In March, Congressmen Peter DeFazio and Jason Chaffetz introduced HR 845, the Saving High-Tech Innovators from Egregious Legal Disputes (SHIELD) Act of 2013.
According to DeFazio, the act is intended to "force patent trolls to take financial responsibility for their frivolous lawsuits[,]" which "hurt American innovation and small technology start ups, and they cost jobs."
Chaffetz says the legislation "ensures that American tech companies can continue to create jobs, rather than waste resources on fending off frivolous lawsuits."
A contrary view of "trolls" (sometimes called Non-Practicing Entities or NPEs) was recently expressed by Judge Sue Robinson of the District Court of Delaware:
"With respect to the characterization of Cradle IP as 'simply a litigation vehicle for Cradle Technologies,' many businesses and academic institutions enforce their patent rights through private companies (like Cradle IP); such a business strategy is not nefarious. The court declines to treat such nonpracticing entities as anything less than holders of constitutionally protected property rights, those rights having been legitimized by the Patent & Trademark Office. Therefore, the fact that a plaintiff is characterized as a 'litigation vehicle' does not detract from the weight accorded a plaintiff's choice of forum."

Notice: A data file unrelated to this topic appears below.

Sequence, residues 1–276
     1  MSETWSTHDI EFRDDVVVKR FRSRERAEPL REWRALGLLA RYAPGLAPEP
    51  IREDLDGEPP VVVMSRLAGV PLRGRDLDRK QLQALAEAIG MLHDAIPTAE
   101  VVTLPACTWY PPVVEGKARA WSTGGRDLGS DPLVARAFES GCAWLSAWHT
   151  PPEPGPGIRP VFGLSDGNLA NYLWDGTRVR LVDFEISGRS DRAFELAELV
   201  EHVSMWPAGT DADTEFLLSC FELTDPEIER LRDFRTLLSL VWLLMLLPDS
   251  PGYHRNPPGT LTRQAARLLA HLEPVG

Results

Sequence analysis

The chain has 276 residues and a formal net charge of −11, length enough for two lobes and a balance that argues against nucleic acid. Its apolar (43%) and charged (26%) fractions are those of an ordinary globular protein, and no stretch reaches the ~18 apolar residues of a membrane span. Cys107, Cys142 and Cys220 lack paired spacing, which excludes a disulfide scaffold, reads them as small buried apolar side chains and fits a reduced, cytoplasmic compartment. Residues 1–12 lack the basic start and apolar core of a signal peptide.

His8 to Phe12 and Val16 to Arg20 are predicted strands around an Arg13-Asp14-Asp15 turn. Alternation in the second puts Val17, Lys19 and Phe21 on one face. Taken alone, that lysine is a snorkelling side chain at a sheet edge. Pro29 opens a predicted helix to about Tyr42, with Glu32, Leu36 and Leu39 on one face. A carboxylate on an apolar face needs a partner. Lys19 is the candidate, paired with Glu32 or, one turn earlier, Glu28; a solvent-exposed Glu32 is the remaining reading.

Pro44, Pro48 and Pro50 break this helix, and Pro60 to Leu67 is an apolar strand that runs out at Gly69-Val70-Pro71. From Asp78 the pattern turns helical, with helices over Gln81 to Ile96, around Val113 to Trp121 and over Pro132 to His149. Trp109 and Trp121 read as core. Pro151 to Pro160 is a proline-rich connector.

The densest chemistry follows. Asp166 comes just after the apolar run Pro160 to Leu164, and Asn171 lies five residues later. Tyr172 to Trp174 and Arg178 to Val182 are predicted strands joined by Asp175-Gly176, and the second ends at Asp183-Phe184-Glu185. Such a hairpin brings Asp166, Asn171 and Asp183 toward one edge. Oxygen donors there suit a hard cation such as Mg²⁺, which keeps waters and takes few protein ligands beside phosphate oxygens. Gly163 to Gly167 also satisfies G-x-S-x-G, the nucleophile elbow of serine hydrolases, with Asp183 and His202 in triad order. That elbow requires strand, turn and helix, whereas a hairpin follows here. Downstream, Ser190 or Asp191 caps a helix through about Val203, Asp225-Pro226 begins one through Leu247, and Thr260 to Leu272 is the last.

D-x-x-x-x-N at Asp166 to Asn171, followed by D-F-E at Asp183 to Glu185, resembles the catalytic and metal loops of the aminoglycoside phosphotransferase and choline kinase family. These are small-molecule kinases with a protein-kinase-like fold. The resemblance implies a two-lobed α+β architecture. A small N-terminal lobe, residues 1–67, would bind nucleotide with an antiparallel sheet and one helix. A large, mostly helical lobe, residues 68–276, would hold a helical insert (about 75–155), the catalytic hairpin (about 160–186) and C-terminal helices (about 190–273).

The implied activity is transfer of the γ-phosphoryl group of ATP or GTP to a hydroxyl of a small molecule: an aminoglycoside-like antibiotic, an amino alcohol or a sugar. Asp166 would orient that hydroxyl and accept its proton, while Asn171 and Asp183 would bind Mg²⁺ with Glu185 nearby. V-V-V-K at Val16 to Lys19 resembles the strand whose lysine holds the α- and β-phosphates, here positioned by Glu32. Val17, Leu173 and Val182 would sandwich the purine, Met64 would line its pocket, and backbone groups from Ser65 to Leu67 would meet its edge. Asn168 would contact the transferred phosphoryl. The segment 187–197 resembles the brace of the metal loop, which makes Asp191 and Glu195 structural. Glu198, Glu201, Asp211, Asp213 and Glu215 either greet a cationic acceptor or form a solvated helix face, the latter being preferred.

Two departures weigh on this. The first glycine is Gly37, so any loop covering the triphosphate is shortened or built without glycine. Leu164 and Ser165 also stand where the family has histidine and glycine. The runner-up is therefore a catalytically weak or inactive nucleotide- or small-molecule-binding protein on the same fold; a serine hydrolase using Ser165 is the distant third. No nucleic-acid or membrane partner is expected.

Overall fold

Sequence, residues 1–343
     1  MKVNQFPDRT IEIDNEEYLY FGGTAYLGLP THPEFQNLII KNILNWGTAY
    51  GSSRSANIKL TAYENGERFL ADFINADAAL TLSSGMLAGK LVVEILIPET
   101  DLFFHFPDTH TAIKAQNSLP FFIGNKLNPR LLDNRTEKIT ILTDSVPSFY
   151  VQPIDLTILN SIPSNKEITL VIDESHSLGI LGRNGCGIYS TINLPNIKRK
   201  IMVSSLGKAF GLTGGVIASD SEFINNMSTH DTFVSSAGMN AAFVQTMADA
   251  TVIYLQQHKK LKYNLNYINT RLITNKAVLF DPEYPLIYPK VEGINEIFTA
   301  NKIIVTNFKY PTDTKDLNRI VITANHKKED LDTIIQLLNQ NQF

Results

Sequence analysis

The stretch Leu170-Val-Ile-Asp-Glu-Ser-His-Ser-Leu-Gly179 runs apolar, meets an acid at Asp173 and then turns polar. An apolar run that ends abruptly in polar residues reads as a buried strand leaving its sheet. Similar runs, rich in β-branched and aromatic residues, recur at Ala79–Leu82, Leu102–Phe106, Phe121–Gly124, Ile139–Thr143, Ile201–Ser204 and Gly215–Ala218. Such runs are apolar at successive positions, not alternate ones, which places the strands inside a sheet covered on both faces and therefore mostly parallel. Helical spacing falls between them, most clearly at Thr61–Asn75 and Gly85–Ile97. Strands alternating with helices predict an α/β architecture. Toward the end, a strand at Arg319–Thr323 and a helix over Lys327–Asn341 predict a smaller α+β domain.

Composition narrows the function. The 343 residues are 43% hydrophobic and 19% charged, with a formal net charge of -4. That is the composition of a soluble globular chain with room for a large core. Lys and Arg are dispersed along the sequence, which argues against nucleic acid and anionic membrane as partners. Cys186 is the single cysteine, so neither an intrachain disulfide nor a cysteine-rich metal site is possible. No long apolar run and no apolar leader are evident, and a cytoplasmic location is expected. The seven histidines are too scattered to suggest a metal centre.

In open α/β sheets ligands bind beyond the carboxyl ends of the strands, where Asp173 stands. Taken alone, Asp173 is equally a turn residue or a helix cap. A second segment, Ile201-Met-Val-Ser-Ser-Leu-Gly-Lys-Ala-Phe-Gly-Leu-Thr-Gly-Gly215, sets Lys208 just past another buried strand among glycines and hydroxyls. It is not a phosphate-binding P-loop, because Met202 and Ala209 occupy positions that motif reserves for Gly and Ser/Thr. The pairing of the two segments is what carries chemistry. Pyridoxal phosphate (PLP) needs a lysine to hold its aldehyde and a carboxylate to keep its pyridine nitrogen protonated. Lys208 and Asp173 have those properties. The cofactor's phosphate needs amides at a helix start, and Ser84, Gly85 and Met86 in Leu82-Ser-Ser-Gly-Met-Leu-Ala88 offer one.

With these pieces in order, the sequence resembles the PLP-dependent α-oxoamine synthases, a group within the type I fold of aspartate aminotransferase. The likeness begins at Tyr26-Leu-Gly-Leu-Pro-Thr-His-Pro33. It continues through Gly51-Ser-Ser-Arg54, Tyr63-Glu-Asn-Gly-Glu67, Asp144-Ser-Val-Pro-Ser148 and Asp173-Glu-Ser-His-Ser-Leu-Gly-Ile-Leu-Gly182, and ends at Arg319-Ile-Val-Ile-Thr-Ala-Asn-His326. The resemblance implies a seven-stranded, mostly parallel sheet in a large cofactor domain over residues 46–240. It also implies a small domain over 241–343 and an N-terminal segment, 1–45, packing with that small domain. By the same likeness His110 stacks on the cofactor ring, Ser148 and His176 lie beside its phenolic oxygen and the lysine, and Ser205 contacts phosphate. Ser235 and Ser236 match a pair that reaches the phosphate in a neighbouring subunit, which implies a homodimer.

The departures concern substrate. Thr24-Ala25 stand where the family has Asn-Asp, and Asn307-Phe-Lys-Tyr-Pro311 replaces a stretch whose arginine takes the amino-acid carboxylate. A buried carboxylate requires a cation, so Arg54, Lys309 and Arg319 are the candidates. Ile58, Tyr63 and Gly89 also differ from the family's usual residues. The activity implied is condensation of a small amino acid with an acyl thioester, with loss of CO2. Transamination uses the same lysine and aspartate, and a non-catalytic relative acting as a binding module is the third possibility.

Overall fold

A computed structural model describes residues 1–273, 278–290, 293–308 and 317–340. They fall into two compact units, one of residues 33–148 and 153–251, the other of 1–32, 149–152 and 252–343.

This article analyses both points of view, concluding that the most serious issue is not with the entities asserting presumptively valid patents, but with frivolous patent litigation.